It doesn’t really matter why you chose the non-traditional way of making money by freelancing. If you’re still doing it, you’ve definitely found out it’s a tough business. And one of the reasons is that employers often expect to find cheap services from people in need of money and with a lot of time on their hands – which is almost never the case.
Here are some of the reasons why you should never accept less than what your work is worth from an employer and never compromise.
Because… Your Integrity Should Come First
When you start as a freelancer, the one thing on your mind is “I need to land a job”. Which is what you should be thinking. But the one mistake most freelancers do is rush to get any job, give their all to get it done, only to end up, after a week of hard work, with enough money to get a Starbucks and the idea that freelancing is not worth it.
Even as a newbie you need to know how much your work is worth and accept nothing less. Try asking for enough to support yourself at first. And if you need to make an idea how much that means, a cost of living calculator can help.
Because… Low Fees Typically Lead to…More Low Fees
Accepting low paid jobs also affects the market as a whole. Even if you give up after the first job, the employer would have gotten what he wanted and the next time he will offer a job it will be for the same pay, or even less.
And if someone else ends up taking that job then more employers will want cheaper services and even more freelancers will end up underpaid.
Because… Offering Discounts Is Not Worth It On the Long Run
Employers will always try to haggle with you at the start of a project, wanting to spend as little money as possible on something they need done. The less you accept for this job, the less they will expect to pay for the next.
And considering a job well done for someone is usually followed by another project, you really need to be careful when making discounts to avoid ending up underpaid.
Because… Deviating from the Payment Schedule Will Only Be to Your Detriment
Some of the best paid projects take a lot of time (months even) to complete. Always set up a payment schedule with your client and do not take a missed payment lightly. If you deliver on time, so should the client.
Because… Not Following the Official Payment Methods Will Usually Lead to You Being Scammed
Worse than little pay is no pay, and the sad reality is that some employers will actively try to cheat. Be very careful how you agree to get paid and always try to use the built-in payment systems most freelancing websites have set up.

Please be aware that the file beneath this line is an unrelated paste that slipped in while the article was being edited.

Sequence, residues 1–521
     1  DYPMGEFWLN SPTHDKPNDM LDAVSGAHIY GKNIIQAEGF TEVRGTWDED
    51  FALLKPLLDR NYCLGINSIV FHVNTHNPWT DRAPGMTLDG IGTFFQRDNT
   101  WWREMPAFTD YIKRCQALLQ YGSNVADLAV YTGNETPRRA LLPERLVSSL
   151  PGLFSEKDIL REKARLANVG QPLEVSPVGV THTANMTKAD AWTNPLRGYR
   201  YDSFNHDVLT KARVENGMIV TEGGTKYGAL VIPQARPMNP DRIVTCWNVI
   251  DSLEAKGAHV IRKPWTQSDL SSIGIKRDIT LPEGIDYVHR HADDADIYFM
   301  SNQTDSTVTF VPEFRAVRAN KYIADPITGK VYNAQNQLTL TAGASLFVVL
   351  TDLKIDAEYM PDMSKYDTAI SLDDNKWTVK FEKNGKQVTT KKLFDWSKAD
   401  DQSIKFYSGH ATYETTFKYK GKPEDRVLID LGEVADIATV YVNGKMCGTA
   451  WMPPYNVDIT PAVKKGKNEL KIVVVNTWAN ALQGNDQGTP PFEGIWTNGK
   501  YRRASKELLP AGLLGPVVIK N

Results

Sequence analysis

Alternative means of payment are based on informal agreements between the two parties and are always prone to scams.
Because… The Quality of Your Portfolio Always Decides Your Success
One of the best things you can do for yourself when you begin freelancing is post a portfolio of previous work on the website you chose. If, for whatever reason, you haven’t done that, employers will often ask for sample work (chances are they will do that even if you have a portfolio).
Be careful when providing it. Always present something short, that shows what you can do without providing something that can actually be used.
Because… There’s No Such Thing as “First time free”
Other employers may try to convince you to work on something small for them for free with the promise of more work for better than average pay in the future. Do not accept. The chances are you’ll never hear from that employer again and even if you do, see the above on discounts.
Because… Not Setting Up a Clear Schedule Only Leads to Frustrations
Say you’ve landed a job where you need to be available for your employer and he/she calls you outside the agreed hours. Do you answer? You should, maybe it’s an emergency. But your first question should be whether it can be postponed until next time you are available and how will you get paid if you do it now. Don’t, and you’ll end up working on Friday evening with no pay.
Because… You Know Better
Too many freelancers (especially the more techy ones) chose to advance their knowledge in their field of work, forgetting that they start and end a job by talking to someone. Read a bit on negotiation and customer care techniques to help you get a well-paid job as well as better understand what your clients want from you. You can find some tips and tricks here.
Because… This Is Your Job and Not Your Hobby
The utmost mistake a lot of new freelancers do is think of it as a hobby and not a real job. They accept lower wages, overlook unfair clients and sometimes even give up on a project out of the blue more easily. Don’t. Think hard before deciding if you want to do this or not and be serious about it.
Hopefully, these few tips will help both new and experienced freelancers have and provide better experiences in their future projects.
Amanda Wilks is a Boston University graduate and a Contributing Editor at Salary Site. She has a great interest in everything related to job-seeking, career-building, and entrepreneurship and loves helping people reach their true potential.